Making games is a tricky business, regardless of the size of the studio. UK-based indies Beatnik Games know this all too well. They’ve had a rough couple of years creating Plain Sight, their multiplayer robot-ninja-em-up. It’s a title with a fascinating premise, in which you gain points and power by destroying your enemies, but only bank those points when you destroy yourself and return to your original state.
With such intriguing set-up it would have been terrible if the game had never seen the light of day. Thankfully, after a couple of setbacks Plain Sight is back on track, better than ever and gearing up for release. We dragged producer Robin Lacey away from his booth at the Eurogamer Expo to talk development hell, accessibility and shitting rainbows.
That VideoGame Blog (TVGB): You showed the game at the Eurogamer Expo last year. Tell us a little about the game’s journey since then.
Robin Lacey (RL): Well last year was pretty much an Alpha build, it was just the basic gameplay concept. What we were trying to judge whether people thought the idea fun and if they found it visually interesting – it was basically a prototype. The response was fantastic and we were like, ‘This is great!’ So we went and spent about 3 months or so just working away on it and we thought, ‘Great we’re in Beta stage.’
So around Christmas last year we launched our open beta, which we thought would be fine – we thought maybe 10 people would download it and we’d get a bit of forum feedback. But 50,000 people downloaded it and everything burst into flames and went horribly wrong.
We realized that the game mechanics were broken and it was an absolute nightmare. So over the last 12 months what we’ve done is take the feedback and all of the harsh lessons we learned and tried to make the most refined game we possible can. It’s certainly been interesting.
TVGB: What have you changed?
RL: We’ve done a lot of work under the hood. We’ve spent a long time redoing all the networking stuff, all of that was done from scratch. Pretty much everything had to be rewritten.
There’s a new control scheme too. Before it was really spammy, people just clicked like crazy and were darting around all over the place attacking. We’ve got that now as one of the power-ups, which is fun for 10 seconds and makes you feel good, but as an entire game it didn’t work. It didn’t require any skill.
So what we really had to do was go back to the drawing board and think about how we could make a game that required skill, but at the same time was a console-friendly, enjoyable experience. That was been incredibly hard to do. About three months ago, we were all playing it – we were all fine with it, we were great – and we showed it to some people and they were like ‘My God, this is the hardest game in the universe. It’s properly hardcore.’ And there was no help for you, it was just really bleak and minimalistic. It was just way too difficult.
So we had made a game that was just way too easy, then made a game that was just next to impossible to play. So now we’re trying to go for that middle ground.
TVGB: How pleased are you with where the game is at now?
RL: We’ve come a hell of a long way since last December. Sometimes its hard to see it because it’s so hard to stand back and look at the game in its entirety. It’s the standard developer issue: when you start the game, all you see is a list of things that aught to be done.
That’s why events like the Eurogamer Expo are awesome, you get to see people playing the game, not hunting for bugs or issues. After spending a few days with the people who are going to buy and play the game, I feel both relieved and encouraged. People seemed to really enjoy it!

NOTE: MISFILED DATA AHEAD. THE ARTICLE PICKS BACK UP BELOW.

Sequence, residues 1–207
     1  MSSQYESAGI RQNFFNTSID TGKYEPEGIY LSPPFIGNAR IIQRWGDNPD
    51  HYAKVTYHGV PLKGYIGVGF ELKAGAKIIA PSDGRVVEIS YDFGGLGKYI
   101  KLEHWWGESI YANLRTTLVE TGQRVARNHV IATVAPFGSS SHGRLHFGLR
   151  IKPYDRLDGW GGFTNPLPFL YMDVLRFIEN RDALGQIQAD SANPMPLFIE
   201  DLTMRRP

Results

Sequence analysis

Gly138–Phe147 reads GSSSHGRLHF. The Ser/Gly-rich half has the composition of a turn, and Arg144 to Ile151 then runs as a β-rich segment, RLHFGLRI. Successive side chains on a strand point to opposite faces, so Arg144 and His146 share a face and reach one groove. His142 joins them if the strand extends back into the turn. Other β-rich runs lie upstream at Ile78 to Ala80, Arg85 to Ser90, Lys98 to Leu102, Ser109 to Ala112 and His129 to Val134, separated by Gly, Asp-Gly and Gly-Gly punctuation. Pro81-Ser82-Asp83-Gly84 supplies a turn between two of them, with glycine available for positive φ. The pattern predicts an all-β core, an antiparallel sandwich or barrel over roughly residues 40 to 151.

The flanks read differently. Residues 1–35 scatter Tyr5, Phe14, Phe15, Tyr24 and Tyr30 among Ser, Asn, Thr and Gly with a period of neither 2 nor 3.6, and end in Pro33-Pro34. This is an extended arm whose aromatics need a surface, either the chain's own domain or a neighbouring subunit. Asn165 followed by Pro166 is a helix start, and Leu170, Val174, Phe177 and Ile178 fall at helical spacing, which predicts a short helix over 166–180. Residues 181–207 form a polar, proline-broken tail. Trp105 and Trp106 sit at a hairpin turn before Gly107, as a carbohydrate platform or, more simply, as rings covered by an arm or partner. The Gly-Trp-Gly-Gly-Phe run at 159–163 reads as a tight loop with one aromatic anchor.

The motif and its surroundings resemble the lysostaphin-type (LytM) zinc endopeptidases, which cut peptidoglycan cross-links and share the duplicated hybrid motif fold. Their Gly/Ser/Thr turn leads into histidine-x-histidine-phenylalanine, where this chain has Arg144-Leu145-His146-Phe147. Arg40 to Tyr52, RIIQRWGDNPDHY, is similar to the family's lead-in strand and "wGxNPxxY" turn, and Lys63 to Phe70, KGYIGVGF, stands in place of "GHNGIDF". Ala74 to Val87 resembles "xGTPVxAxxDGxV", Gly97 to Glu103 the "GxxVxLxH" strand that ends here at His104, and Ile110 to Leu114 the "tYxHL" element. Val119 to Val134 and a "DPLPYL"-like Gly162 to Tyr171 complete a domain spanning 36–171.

Anyway, I’m incredibly happy with what the team has achieved with Plain Sight. Of course there’s more we want to add, but I think that’s the sign of the potential of the game.
TVGB: So you’ve been plugging away for 2 years now. How does a little indie studio survive for that period of time with no money coming in?
RL: Tolerant investors [Laughs]. Also, we’re now we’re working for Channel 4 too (Channel 4, a British TV station, have commissioned indie developers to make educational games for them -Ed). It has bought us breathing space so we don’t have to push the game out of the door. It’s not a survival thing anymore. At the end of a day it is a product, and we want to get it right. And that takes time.
TVGB: A lot of indie games, despite their relatively perilous existence, seem to take more risks than mainstream titles. Why do you think that is?
RL: I think it’s office banter. I think in large companies people have ideas and you’ve gotta put them through think tanks and fucking marketing departments and things like that. And someone comes back to you and they say, ‘Oh and this demographic thinks everything should be pink.’ And that just kills it.
What I think makes fun, is when you are sitting in the office coming up with ideas and laughing like, ‘This would be fucking hilarious! Wouldn’t it be awesome if we could just, like, shit rainbows!’ And everyone is like, ‘Yes, that would be great!’ And we do it and why the hell not.
I think that’s why indie games do have that inventiveness, simply because I think people feel like they are always on borrowed time and you might never get the chance to put something that crazy into a videogame. I think that makes for great IPs and a thoroughly enjoyable experience, which is what we hope to offer with Plain Sight.
TVGB: Excellent. So when will the game be out and what platforms should we expect it on?
RL: The PC version is coming out January or February time. We really want to get the console versions – we’re doing PlayStation Network and WiiWare – out next December. Once we’ve done that we’ll update the PC client so everybody has the same thing.
TVGB: Robin, thanks for taking the time to speak to us.
Keep an eye out later in the week for TVGB’s Plain Sight Hands-On.